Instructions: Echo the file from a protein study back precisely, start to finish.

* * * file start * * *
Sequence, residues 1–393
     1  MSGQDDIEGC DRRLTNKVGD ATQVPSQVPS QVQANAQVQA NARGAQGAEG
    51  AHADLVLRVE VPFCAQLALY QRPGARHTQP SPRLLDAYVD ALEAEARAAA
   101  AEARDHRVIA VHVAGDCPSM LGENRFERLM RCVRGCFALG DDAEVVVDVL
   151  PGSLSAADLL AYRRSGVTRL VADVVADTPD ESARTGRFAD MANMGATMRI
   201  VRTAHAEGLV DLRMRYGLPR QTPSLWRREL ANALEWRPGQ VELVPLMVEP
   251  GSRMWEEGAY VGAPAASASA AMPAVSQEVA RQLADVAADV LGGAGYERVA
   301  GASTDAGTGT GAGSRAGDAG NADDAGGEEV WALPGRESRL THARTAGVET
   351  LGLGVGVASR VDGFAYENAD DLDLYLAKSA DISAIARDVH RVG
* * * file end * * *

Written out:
Sequence, residues 1–393
     1  MSGQDDIEGC DRRLTNKVGD ATQVPSQVPS QVQANAQVQA NARGAQGAEG
    51  AHADLVLRVE VPFCAQLALY QRPGARHTQP SPRLLDAYVD ALEAEARAAA
   101  AEARDHRVIA VHVAGDCPSM LGENRFERLM RCVRGCFALG DDAEVVVDVL
   151  PGSLSAADLL AYRRSGVTRL VADVVADTPD ESARTGRFAD MANMGATMRI
   201  VRTAHAEGLV DLRMRYGLPR QTPSLWRREL ANALEWRPGQ VELVPLMVEP
   251  GSRMWEEGAY VGAPAASASA AMPAVSQEVA RQLADVAADV LGGAGYERVA
   301  GASTDAGTGT GAGSRAGDAG NADDAGGEEV WALPGRESRL THARTAGVET
   351  LGLGVGVASR VDGFAYENAD DLDLYLAKSA DISAIARDVH RVG